| ||Duplicating a U.S. Open
March 11, 2009
By Alex Davidson
Canterbury Golf Club is bringing the U.S. Open trophy back to
life. The original one, the trophy few have seen, except
perhaps in old photographs or as a copies in clubhouse trophy
It might not be common knowledge, but the original U.S. Open
trophy dating to 1895 was lost in 1946. Lloyd Mangrum won the
'46 Open at Canterbury, in Beachwood, Ohio, near Cleveland,
in a 36-hole playoff over Byron Nelson and Vic Ghezzi.
Mangrum took the trophy back to Tam O'Shanter, his club in
Chicago, but a fire engulfed the clubhouse and destroyed the
A new trophy was created for the 1947 championship at St.
Louis Country Club, where Lew Worsham turned back Sam Snead
in a playoff, and until 1986 that iteration was awarded to
the winner. Since then, a duplicate has been presented. The
original 1947 design now resides full-time in the USGA
Museum's Hall of Champions in Far Hills, N.J.
Canterbury hosts the 70
Senior PGA Championship this May, and in doing so becomes the
second American club to host all five of the domestic
traveling men's major championships. Oak Hill Country Club,
in Rochester, N.Y., last year became the first club to be the
site of a U.S. Open, U.S. Senior Open, U.S. Amateur, PGA
Championship and Senior PGA.
To commemorate its inclusion in what is currently a highly
exclusive club Canterbury, founded in 1921, has commissioned
two silversmiths to create nearly full-scale replicas of each
of those championships' trophies so that they can be put on
display in its clubhouse (along with the green jacket awarded
to 1938 Masters champion Henry Picard, who was the club's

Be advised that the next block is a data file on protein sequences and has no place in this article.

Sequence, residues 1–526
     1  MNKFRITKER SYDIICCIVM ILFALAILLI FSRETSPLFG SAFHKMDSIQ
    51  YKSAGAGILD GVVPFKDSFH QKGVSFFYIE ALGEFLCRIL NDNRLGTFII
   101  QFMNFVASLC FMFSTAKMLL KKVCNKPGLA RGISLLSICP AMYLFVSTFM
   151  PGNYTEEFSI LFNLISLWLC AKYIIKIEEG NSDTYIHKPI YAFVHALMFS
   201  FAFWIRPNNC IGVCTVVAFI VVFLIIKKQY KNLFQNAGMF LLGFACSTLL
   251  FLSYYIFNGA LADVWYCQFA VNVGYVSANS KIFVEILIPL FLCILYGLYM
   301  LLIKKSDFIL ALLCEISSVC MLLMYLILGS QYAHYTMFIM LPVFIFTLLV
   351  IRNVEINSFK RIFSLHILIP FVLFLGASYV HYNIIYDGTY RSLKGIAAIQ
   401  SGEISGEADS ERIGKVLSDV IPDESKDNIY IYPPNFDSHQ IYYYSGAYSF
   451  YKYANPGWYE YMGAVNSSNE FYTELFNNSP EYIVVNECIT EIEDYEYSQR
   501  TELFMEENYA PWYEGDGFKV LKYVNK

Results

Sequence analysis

head professional from 1945 to 1964).
"People don't realize the heritage of this club," said Eric
Rhodes, the club's general manager. "You can take Pebble
Beach, Pinehurst â€¦ you name it, and they can't match what we
can put on display here."
The real prize, of course, is the U.S. Open Championship
trophy. Only former champions and host sites of the national
championship can request a replica of the trophy, which is
made at 90 percent of the original trophy's dimensions.
Canterbury is the last club that could request a copy of the
original, on which the winner's names were engraved in script
as opposed to the block lettering of the new model. There are
other small engraving details that were different, but the
two versions have the same dimensions.
Nicholas Winton, a silversmith from Banbury, England, is the
man who creates the replicas of the USGA championship
trophies. He also produces copies of the Claret Jug, the
prize given to the British Open champion. His handiwork also
can be found on prizes awarded in such diverse sports as
rugby, rowing and horse racing.
Winton responded that he had never produced a replica of the
original U.S. Open prize. But he relished the opportunity.
"Very much so I wanted to do it," Winton wrote via e-mail. "I
originally did the research on the engraving myself with the
help of the USGA Museum. To my knowledge, no one else has
succeeded - or even tried - to work out the original
engraving. That is a pretty neat feeling. There are only a
few photos of the original, but that gave me enough
detail to work out where the text goes and its format."
There are other clubs that might possess a copy of the older
version, Winton noted, but those copies were struck prior to
Cost of the creation was not disclosed, but Rhodes estimated
that the club could spend more than $100,000 on the various
Former USGA President Sandy Tatum, after watching Mark
O'Meara defeat John Cook in the '79 U.S. Amateur final at
Canterbury, referred to the club and its Scottish links-style
course designed by Herbert Strong as "one of the shrines of
That shrine will soon possess some shiny new memorabilia.
"It's well worth it; it's something we wanted to do in
conjunction with our clubhouse renovation and the
championship," said Rhodes. "We feel like the story of this
club is an important one. It's something we're rather proud
Alex Davidson is a freelance writer whose work has
previously appeared on usga.org.